"The point is we don't have the sound technological base for a car, forget about a fighter jet," said Rajeswari Pillai Rajagopalan, senior fellow at the Observer Research Foundation.
The mission plans to study the Martian surface and mineral composition as well as search the atmosphere for methane, the chemical strongly tied to life on Earth. Recent measurements by NASA's rover, Curiosity, show only trace amounts of it on Mars.
India's space program has drawn criticism in a country that is dogged by poverty and power shortages, and is now experiencing its sharpest economic slowdown in a decade.
India has long argued that technology developed in its space program has practical applications to everyday life.
(Read more: Millionaire spaceflier eyes 2018 Mars mission)
"For a country like India, it's not a luxury, it's a necessity," said Susmita Mohanty, co-founder and chief executive of Earth2Orbit, India's first private space start-up. She argued that satellites have applications from television broadcasting to weather forecasting for disaster management.
The mission is considerably cheaper than some of India's more lavish spending schemes, including a $340 million plan to build the world's largest statue in the state of Gujarat.
Analysts say India could capture more of the $304 billion global space market with its low-cost technology. The probe's 4.5 billion rupee ($73 million) price tag is a fraction of the cost of NASA's MAVEN mission due to launch this month.
ISRO designed the craft to go around Earth six or seven times to build up the momentum needed to slingshot it to Mars, a measure that will help it save fuel, said Mayank N. Vahia, a scientist in the department of astronomy and astrophysics at the Tata Institute of Fundamental Research.
It costs India about 1,000 rupees ($16.20) to put a gram weight into space, less than a tenth of NASA's cost, he said.
India's space program still has challenges, including the need to import components and the lack of a deep space monitoring system which means it will rely on the United States to watch the satellite once it nears Mars.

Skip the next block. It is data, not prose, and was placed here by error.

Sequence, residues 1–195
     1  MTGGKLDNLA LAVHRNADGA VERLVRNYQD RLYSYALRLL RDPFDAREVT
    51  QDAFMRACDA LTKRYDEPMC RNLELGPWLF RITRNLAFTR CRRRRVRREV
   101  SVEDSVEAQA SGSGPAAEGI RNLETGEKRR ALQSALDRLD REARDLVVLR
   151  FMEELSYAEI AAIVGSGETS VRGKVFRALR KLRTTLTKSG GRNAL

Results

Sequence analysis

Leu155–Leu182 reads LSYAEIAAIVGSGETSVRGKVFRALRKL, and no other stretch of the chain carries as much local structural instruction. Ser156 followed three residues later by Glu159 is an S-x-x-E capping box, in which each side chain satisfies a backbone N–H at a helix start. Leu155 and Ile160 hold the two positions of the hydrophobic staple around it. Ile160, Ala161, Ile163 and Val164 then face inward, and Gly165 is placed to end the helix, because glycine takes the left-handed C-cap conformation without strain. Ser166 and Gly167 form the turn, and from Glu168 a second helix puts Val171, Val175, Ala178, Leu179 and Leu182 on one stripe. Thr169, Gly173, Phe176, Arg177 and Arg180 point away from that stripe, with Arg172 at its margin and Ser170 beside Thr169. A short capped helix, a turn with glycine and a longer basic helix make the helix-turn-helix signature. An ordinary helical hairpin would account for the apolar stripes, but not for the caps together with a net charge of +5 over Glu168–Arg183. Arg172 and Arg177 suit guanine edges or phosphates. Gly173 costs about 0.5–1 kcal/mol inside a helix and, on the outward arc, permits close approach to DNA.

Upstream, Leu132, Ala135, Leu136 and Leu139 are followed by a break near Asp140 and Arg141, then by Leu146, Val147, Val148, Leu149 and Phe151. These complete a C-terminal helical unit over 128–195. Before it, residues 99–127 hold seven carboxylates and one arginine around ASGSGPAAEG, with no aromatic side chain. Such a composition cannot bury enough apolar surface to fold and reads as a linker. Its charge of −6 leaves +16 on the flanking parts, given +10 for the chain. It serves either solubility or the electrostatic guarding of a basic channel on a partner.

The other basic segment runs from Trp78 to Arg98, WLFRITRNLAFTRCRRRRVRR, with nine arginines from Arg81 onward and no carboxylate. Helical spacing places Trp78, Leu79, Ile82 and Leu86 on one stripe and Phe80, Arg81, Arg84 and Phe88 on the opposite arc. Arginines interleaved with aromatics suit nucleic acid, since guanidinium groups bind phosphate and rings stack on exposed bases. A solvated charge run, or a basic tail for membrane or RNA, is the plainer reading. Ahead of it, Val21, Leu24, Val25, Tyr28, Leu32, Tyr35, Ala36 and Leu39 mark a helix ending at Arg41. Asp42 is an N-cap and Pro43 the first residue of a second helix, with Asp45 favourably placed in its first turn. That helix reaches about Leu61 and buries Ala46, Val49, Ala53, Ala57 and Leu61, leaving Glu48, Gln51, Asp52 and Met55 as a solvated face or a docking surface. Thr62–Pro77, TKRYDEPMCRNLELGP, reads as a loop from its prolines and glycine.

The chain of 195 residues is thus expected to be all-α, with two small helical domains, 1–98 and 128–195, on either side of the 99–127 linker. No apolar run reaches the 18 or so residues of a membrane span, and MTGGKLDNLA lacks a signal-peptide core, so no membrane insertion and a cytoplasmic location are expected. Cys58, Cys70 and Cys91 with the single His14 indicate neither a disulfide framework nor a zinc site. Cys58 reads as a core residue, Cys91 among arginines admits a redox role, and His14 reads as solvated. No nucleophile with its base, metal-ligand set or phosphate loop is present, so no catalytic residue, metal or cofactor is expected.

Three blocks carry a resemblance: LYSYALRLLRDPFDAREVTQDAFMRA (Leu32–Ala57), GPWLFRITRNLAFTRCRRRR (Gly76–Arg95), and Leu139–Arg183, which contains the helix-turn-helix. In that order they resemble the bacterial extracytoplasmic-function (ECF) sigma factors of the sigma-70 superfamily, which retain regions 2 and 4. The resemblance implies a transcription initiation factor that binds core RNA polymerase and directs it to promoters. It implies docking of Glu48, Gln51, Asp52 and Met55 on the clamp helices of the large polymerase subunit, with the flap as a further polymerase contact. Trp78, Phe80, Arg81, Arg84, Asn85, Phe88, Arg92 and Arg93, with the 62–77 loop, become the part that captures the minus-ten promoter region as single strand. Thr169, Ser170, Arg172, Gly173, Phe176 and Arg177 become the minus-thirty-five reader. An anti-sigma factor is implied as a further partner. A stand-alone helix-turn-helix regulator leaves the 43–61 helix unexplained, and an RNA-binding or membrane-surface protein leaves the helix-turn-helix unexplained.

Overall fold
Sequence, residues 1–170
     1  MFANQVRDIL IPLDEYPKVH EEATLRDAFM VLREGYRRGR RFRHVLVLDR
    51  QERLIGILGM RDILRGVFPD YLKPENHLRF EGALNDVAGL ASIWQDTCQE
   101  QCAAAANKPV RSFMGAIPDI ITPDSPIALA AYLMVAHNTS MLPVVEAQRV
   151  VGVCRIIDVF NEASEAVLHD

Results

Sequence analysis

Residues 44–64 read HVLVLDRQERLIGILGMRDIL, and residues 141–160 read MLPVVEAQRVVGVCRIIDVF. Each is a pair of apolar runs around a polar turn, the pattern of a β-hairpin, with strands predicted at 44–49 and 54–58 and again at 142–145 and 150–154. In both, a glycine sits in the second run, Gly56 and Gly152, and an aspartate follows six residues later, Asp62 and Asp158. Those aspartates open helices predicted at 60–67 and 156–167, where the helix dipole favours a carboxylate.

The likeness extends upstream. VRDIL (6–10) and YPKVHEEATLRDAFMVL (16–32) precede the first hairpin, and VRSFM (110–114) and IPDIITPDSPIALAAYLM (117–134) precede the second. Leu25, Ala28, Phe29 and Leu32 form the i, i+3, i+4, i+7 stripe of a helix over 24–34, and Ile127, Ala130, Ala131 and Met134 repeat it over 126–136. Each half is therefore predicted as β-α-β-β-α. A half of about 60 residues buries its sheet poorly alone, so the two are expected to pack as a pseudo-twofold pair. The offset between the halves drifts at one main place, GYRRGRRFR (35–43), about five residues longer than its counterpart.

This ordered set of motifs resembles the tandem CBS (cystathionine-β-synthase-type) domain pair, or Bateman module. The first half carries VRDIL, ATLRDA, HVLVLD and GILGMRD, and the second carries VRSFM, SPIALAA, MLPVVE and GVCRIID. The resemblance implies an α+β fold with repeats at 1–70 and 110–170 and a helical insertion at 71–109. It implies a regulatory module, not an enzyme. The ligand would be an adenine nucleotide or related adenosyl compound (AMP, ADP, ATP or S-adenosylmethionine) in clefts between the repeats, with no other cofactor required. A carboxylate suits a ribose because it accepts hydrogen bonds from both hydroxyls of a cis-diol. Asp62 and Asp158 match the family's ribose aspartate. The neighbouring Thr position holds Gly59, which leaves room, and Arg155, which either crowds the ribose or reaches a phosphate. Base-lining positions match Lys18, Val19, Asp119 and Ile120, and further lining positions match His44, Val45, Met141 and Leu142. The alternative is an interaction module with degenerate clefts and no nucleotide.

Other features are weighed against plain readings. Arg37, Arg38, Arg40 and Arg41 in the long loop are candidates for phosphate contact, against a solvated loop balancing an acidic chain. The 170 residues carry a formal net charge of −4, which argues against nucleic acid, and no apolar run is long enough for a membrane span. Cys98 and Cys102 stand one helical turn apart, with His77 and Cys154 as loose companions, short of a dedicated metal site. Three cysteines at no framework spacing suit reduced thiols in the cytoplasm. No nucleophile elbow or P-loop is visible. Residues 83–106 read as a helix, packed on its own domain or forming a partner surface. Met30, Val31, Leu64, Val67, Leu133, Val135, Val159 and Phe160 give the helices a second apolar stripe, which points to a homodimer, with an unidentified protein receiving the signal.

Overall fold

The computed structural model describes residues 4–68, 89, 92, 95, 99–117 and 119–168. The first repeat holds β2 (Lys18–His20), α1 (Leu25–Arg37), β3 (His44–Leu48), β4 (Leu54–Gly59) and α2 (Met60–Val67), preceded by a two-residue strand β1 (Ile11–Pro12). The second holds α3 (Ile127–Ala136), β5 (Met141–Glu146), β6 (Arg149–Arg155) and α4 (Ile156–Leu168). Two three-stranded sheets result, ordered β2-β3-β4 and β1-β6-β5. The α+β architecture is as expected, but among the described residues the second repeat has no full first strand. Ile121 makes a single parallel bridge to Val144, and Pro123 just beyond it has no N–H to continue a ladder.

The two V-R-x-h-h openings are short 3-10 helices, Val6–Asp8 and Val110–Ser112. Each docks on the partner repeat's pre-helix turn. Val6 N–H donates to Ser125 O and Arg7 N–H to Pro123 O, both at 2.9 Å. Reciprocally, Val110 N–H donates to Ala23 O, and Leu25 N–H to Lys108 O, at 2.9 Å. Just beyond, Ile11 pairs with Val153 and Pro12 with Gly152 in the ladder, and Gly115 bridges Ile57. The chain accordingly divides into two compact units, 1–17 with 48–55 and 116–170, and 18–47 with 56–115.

(Read more: Mars had the right stuff for life, scientists find)
There's much at stake in the global space business, where revenues for the satellite industry in 2012 was $189.5 billion, according to the U.S. Satellite Industry Association.
"Given ISRO's broad portfolio of space capabilities, India could, if it does things right, get at least a quarter of (the space industry) market if not more in the coming decade or two," said Earth2Orbit's Mohanty.
India's relations with its giant neighbor China are marked as much by competition as cooperation, and analysts say New Delhi has stepped up its space program because of concerns about China's civilian and military space technology.
"The reality is that there is competition in Asia. There's the angle of the potential space race," said Rajagopalan.
Although India's program is largely for peaceful purposes, it has increasingly realized the need to grow its deterrence capability after China's 2007 anti-satellite missile test.
"That was a wake-up call for India," said Rajagopalan. "Until then we were taking it easy."
China's space program is far ahead of India's, with bigger rockets, more launches and equally cost-effective missions.
Officials dismissed the suggestion that India raced to prepare Tuesday's launch to trump China's failed attempt at Mars.
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"We're not in a race with anybody," said ISRO spokesman Deviprasad Karnik, noting that the voyage can happen only every 26 months, when the spacecraft can travel the shortest distance between Earth and Mars.
"The mission to Mars has to be organized whenever there is an opportunity available."